Miles distant, too, from talk of mercy rather than sacrifice, with God’s nature hugely misunderstood.

But there was plenty of good about Easter Sunday.

Jesus rose from the dead and confounded them all! – Yours, etc.,

Keith Fernie


Secularism explained

Sir, — Donald J.Morrison, from Inverness appears to be very confused about the meaning of Secularism.

I understand his need to conflate Secularism with Humanism in order to foster a deep mistrust of Secularism

I should however like to point out that these are two very distinct concepts, and comparing apples to oranges only muddies the waters of understanding.

Whereas Humanism posits that human beings are capable of being ethical and moral without religion or a deity, Secularism simply works to ensure that religion does not interfere in the affairs of state (and vice versa).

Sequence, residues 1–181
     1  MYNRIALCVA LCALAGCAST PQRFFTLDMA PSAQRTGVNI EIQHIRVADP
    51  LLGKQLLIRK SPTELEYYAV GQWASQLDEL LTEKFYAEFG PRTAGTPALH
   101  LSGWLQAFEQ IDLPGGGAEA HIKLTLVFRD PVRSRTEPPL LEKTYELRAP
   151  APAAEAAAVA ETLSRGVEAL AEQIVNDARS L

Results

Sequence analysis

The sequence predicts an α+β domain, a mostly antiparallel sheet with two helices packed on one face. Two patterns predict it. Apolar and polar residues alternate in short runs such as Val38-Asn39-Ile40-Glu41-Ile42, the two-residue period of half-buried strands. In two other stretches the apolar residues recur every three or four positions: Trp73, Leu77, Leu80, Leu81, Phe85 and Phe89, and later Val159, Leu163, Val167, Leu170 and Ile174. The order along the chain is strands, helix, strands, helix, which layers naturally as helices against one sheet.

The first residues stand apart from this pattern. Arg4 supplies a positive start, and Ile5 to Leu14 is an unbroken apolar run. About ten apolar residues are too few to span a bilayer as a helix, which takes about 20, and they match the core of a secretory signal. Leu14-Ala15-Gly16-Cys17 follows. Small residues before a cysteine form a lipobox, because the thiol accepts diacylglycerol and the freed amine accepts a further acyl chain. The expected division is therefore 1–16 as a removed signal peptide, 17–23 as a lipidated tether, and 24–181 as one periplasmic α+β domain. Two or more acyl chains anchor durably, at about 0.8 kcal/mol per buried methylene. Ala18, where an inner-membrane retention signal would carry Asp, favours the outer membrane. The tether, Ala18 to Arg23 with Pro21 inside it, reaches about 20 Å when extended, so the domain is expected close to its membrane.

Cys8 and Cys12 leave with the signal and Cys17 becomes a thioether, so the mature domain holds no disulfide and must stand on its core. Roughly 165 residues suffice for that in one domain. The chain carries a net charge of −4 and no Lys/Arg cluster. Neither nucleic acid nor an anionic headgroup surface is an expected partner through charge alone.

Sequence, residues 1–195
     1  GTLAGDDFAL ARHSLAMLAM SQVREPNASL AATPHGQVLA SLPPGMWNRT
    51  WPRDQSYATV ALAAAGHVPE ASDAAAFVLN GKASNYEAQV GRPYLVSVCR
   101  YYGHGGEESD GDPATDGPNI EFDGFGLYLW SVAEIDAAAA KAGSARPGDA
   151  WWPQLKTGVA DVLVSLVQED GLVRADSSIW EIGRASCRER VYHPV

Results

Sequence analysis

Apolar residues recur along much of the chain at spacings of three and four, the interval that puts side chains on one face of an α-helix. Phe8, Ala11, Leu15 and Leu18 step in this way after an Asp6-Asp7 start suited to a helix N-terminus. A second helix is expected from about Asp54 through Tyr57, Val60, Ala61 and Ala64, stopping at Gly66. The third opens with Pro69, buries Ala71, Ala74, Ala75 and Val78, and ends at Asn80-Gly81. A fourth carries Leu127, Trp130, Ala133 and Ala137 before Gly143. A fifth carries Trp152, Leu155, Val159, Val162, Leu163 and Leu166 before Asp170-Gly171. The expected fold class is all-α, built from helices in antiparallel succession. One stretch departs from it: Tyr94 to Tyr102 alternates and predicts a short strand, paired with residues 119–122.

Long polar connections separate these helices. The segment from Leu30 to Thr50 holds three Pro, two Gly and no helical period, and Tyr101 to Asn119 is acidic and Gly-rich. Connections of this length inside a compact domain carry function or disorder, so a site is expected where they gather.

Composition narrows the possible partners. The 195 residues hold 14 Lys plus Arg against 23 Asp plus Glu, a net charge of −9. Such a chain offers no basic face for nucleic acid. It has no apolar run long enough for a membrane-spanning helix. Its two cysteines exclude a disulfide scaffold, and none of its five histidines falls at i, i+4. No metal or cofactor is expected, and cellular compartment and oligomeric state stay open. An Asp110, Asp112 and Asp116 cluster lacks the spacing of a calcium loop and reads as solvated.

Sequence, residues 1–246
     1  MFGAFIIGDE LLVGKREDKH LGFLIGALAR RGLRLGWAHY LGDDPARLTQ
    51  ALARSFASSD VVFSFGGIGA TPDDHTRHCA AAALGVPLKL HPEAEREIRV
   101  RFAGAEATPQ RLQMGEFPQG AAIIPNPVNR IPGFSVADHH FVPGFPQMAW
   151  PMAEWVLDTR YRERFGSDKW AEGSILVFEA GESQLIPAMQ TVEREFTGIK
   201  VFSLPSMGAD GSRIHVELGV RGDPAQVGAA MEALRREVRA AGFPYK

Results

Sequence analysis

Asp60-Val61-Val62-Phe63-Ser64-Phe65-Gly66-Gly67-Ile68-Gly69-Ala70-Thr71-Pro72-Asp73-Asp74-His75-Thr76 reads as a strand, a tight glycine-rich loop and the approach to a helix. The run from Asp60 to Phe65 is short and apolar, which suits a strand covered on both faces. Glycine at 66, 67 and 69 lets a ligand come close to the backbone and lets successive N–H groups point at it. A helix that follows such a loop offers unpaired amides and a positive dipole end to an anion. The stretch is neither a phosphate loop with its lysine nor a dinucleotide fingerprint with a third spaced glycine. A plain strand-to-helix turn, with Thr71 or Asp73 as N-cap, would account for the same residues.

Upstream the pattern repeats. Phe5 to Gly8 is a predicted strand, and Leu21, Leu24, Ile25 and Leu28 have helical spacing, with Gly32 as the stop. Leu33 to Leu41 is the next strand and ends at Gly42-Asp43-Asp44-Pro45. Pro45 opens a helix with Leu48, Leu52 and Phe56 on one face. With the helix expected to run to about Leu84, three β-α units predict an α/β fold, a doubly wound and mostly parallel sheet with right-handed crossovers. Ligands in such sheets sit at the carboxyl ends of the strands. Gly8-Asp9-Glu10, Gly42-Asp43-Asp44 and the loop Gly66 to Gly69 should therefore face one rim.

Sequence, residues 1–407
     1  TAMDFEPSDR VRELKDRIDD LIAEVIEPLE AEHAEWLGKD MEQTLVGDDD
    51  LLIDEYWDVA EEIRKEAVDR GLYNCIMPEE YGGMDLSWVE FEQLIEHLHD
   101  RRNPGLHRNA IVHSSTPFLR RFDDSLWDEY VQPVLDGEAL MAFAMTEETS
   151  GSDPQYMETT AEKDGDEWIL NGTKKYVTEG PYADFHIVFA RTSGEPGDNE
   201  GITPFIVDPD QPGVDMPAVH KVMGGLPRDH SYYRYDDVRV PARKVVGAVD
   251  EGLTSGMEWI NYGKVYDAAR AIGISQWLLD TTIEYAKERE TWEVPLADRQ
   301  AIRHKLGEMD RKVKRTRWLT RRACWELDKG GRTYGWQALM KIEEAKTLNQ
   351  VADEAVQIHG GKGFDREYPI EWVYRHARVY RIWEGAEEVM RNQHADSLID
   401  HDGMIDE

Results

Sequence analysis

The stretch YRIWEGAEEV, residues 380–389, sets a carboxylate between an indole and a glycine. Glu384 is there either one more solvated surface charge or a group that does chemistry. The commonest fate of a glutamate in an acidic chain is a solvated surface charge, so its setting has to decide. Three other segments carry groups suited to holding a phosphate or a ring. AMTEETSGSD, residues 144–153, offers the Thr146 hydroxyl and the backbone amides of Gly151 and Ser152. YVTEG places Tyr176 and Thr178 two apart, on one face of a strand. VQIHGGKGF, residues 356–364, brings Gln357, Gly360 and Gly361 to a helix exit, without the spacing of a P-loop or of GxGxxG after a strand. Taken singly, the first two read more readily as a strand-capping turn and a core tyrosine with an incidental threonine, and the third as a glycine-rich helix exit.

Secular societies are comprised of individuals from many backgrounds and world views.

We are united by the desire to be governed equally and fairly, free from fear or favour.

When the spectre of fundamentalism threatens to undermine equality and fairness, organisations such as ours mobilise to uphold that equality and fairness.

I can assure Mr Morrison that his eyes do not deceive him, and that our organisation is in fact a diverse coalition of atheists, humanists, pagans, Christians, LGBTI+, straight and cis gender people.

We strive to be a robust and inclusive group, and our numbers are at least on the rise.

Love thy neighbour is universally sound advice – I heartily recommend he try to embrace it.

Mr Morrison’s decision to portray secular Christians as “counterfeit coins, gimmicks and fakes” is insulting.

For him then to sit in judgement and condemn them as hypocrites is itself the most egregious of hypocrisies.

Those he seeks to malign are no less Christian in our eyes, and they are no less worthy of our love and respect.

Indeed, Mr Morrison’s loss remains our gain.

May I respectfully suggest he spend his time seeking to redeem rather than condemn. – Yours, etc.,

Iain Campbell

Western Isles Secular Society